Her world turns upside-down the day the Lynburns return. Regal Lillian Lynburn is the heir to the legacy and she's brought her family with her: her husband Rob and son Ash, and her sister Rosalind and Rosalind's son Jared. Suddenly Kami isn't so sure her imaginary friend is only in her head.
Sorry-in-the-Vale's records date back to the 1400s. Six hundred years do not go by without someone doing something nefarious.
I couldn't wait to jump right in and adore Unspoken. Everyone seems to be obsessing over it and it definitely has all the makings of a book I'd love: ancient family, dark secrets, a quiet town.
I tore through the first half of this book. I loved everything about it! The premise was phenomenal, the writing is stunning, the local legends gave me chills, and the characters - with the exception of Angela - were wonderfully done. Even the backstory was done in a way that didn't feel like a massive infodump.
Jared's appearance came as no surprise, though I still have no idea what his issue was with touching. Even when he was protecting Kami he would barely touch her and his avoidance of contact was never explained. That said, save for a few minor problems, Kami & Jared's dynamic was great. It was an interesting, new take on the genre and I ate it up.
"Put the jerk in the south wing, you won't see him for weeks at a time. Or lock him in the attic. The law will not be on your side, but literary precedent will."
A lot of reviews have mentioned the humor in Unspoken and while I enjoyed it, I felt it could have been toned down a lot. Particularly Kami's father. I liked his character, but did he ever say anything that wasn't a witty one-liner? Even when he walked into Kami's bedroom one morning and found both Kami and Jared asleep in bed, the only thing he had to say was some wisecrack.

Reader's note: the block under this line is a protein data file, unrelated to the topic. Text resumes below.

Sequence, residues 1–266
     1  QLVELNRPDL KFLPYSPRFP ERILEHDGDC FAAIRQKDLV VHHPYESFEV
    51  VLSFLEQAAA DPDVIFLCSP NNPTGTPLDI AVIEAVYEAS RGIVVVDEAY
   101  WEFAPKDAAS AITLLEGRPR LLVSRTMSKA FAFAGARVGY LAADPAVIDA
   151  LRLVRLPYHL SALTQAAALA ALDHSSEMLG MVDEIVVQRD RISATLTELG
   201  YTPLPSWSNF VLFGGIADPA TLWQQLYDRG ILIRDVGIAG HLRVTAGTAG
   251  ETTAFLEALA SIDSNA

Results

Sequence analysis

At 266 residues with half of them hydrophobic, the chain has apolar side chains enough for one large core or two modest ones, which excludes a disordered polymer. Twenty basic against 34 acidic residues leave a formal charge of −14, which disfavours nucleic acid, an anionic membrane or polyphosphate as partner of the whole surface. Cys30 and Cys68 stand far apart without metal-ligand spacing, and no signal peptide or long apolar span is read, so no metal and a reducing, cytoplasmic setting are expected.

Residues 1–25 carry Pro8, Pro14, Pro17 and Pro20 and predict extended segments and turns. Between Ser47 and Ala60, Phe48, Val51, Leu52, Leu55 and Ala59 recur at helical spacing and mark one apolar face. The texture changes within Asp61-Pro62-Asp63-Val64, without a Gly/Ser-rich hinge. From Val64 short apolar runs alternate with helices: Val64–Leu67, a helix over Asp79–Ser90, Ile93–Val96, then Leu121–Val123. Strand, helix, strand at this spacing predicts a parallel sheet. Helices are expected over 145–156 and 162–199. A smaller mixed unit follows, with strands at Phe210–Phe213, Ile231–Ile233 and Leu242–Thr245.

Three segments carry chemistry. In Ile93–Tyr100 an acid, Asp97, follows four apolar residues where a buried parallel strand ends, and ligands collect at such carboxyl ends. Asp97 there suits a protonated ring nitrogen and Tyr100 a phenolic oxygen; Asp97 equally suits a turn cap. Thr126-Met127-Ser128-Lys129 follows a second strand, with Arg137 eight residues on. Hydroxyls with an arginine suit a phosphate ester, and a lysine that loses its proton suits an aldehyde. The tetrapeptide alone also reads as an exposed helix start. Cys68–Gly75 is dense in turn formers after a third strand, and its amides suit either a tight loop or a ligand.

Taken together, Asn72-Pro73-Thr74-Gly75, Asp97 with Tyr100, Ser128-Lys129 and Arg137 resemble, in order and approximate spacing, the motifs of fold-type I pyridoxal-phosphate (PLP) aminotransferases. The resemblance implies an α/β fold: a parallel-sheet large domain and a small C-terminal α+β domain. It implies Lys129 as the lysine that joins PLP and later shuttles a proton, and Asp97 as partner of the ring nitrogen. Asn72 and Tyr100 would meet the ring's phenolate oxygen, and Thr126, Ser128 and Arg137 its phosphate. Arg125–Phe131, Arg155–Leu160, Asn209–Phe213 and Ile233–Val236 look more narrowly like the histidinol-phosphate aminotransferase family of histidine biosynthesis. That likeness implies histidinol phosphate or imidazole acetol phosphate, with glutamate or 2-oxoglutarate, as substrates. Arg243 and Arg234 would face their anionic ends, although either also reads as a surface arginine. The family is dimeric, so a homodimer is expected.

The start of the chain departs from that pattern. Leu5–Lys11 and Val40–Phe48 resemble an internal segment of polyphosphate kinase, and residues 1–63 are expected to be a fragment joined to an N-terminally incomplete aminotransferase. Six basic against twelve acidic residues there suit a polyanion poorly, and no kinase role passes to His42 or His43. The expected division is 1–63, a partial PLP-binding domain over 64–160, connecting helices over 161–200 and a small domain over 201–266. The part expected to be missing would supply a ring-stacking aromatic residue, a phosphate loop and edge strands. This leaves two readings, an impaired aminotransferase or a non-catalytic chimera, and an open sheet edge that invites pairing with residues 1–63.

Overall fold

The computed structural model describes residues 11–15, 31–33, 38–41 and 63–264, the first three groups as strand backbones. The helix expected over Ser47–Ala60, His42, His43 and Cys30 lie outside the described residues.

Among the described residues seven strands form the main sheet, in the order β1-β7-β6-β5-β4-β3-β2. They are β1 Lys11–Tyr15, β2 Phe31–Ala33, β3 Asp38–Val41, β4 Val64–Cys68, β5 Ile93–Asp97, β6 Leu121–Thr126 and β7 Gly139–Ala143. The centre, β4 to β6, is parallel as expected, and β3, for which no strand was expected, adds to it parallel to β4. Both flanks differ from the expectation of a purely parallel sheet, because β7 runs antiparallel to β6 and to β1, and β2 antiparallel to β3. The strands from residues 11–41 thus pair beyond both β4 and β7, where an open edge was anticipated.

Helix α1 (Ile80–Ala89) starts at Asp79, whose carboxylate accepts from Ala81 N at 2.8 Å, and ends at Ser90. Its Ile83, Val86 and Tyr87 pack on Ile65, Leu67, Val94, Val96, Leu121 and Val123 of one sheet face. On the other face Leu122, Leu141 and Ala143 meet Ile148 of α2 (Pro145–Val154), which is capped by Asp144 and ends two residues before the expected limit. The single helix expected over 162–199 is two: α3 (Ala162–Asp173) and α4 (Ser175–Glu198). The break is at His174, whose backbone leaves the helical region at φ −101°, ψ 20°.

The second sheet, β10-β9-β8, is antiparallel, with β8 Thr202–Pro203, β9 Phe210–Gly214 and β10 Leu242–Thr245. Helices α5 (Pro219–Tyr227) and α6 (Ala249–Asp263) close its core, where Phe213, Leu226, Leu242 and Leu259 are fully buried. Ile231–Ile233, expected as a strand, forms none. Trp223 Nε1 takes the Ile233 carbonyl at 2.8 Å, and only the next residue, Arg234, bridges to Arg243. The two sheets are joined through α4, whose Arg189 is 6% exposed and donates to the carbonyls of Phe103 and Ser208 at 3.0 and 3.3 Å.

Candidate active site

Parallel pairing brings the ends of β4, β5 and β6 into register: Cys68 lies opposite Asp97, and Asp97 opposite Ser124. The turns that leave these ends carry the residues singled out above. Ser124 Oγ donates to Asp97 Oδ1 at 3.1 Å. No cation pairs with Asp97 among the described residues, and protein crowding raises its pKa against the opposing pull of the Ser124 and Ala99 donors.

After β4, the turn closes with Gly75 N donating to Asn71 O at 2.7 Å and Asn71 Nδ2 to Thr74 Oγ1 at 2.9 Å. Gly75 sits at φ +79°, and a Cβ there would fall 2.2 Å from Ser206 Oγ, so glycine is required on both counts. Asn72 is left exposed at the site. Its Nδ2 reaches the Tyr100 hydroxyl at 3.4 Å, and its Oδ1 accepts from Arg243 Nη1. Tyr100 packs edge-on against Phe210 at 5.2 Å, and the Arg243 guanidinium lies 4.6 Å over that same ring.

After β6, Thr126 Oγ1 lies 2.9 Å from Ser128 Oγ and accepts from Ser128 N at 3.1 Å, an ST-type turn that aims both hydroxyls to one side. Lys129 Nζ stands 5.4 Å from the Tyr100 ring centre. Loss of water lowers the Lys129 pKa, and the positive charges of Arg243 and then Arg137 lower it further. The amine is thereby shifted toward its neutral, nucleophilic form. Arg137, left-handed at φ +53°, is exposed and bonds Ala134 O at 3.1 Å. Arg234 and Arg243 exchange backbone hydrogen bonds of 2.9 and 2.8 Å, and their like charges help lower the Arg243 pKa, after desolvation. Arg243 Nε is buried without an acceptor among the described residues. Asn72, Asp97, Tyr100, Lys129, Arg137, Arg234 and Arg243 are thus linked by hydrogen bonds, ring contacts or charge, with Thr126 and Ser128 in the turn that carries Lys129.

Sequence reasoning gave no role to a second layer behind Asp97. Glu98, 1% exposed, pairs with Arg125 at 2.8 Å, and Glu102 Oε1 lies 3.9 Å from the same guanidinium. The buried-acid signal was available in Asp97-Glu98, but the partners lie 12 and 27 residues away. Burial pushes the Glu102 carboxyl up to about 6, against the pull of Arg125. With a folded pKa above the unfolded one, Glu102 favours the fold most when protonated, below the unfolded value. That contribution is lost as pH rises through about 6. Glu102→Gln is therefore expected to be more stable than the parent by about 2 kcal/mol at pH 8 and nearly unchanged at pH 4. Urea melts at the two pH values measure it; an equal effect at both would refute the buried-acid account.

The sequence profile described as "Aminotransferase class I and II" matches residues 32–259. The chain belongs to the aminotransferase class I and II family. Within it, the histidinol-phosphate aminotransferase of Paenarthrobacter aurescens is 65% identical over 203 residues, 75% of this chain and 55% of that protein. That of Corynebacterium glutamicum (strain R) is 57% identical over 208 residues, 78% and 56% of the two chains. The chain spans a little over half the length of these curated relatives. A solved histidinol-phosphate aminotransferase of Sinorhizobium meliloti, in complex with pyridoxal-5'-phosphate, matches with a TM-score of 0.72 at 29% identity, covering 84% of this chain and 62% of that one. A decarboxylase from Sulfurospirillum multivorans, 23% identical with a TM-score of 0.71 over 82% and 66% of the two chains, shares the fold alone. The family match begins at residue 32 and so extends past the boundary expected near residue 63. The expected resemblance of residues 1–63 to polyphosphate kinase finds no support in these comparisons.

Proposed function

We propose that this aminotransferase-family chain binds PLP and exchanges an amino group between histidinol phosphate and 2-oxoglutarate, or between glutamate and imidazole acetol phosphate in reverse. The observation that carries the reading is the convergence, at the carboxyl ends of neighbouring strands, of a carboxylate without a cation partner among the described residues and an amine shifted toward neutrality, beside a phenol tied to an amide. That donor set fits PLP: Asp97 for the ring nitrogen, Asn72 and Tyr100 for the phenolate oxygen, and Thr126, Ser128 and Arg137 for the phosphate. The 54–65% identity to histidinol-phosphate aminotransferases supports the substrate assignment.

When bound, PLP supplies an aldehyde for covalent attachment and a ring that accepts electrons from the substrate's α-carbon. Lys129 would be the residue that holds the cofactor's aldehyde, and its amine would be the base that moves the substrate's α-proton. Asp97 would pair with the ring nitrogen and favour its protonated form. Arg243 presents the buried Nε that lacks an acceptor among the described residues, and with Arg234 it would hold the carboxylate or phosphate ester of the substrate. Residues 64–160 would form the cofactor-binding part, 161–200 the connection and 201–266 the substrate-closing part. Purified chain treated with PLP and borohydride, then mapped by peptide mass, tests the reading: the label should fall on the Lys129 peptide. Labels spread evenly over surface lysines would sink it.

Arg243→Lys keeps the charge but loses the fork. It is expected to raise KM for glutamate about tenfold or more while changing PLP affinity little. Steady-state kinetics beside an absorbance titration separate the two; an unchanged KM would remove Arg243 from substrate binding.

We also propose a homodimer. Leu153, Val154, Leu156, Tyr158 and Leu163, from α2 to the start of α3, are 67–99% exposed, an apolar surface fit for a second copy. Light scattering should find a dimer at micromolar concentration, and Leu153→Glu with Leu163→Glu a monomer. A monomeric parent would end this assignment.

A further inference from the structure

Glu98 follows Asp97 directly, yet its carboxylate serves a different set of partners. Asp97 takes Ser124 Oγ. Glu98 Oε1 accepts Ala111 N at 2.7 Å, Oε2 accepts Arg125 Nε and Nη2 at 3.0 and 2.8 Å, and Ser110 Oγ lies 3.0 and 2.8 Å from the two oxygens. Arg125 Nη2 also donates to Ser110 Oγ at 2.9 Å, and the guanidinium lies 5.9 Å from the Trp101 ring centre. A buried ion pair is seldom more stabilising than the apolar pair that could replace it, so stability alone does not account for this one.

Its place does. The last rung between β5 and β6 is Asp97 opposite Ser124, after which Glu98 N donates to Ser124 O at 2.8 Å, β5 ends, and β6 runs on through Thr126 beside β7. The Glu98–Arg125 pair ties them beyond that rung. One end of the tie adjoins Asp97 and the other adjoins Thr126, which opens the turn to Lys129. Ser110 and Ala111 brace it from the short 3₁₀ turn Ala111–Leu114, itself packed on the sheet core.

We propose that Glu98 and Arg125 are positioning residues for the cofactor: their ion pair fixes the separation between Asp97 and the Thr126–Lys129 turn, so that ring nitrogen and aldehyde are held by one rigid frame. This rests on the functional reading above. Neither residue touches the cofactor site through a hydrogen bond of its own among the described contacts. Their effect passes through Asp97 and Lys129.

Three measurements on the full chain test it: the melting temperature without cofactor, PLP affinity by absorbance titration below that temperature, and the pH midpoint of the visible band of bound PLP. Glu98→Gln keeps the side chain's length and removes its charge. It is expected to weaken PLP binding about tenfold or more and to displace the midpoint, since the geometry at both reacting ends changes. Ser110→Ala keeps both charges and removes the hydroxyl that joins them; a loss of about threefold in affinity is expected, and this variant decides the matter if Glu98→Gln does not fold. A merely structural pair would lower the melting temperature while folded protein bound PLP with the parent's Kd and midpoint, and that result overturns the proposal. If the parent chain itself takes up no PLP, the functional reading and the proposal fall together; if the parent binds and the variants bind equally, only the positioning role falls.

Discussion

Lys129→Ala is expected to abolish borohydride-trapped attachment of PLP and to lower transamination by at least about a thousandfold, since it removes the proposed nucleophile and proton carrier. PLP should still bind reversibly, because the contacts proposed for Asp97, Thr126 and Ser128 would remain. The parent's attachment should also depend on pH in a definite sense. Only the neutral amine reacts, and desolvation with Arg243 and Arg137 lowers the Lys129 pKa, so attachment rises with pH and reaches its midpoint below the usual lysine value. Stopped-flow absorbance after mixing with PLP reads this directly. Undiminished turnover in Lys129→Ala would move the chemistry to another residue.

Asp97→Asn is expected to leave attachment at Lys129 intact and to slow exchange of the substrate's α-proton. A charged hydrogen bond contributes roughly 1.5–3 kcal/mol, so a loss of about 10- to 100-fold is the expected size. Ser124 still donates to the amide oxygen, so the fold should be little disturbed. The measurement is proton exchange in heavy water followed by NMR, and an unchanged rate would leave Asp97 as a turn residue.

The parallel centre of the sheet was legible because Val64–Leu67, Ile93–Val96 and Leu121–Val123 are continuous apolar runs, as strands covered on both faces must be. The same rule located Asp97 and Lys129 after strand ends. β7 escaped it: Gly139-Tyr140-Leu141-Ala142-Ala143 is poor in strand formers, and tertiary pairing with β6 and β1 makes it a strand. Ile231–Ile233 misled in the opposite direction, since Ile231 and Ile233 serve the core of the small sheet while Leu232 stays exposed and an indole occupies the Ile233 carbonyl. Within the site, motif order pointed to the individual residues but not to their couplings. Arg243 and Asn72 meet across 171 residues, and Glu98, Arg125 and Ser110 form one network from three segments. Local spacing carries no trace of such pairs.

Unfortunately, around the halfway mark, Unspoken really started to lose steam. Oddly enough this was right around the time when Things Started Happening. A classmate was murdered (and was never really brought up again), and the secret of the Lynburns' is finally revealed. All of this should have kept me on the edge of me seat. Although I still plowed though, I definitely did not do so with the same fervor I had in the beginning.
The other families say, 'My way or the highway.' The Lynburns said, "I am unfamiliar with the concept of the highway, so that leaves you with only one choice.'
So much was happening by the end: the will-they-or-won't-they angle, a huge fight scene, Kami's life-altering decision, Angela's secret. Everything was happening so fast and the sudden stop at the end - and I do mean sudden (that was so NOT a cliffhanger, that was right in the middle of the scene!) - that it got to be a little jarring. There were so many questions left unanswered, particularly in regards to Kami and Jared, that I feel a little cheated. I want that sense of closure. Yes, there's another book coming out, but even in a series novels should wrap up nicely enough that reads aren't left in a state of confusion and frustration.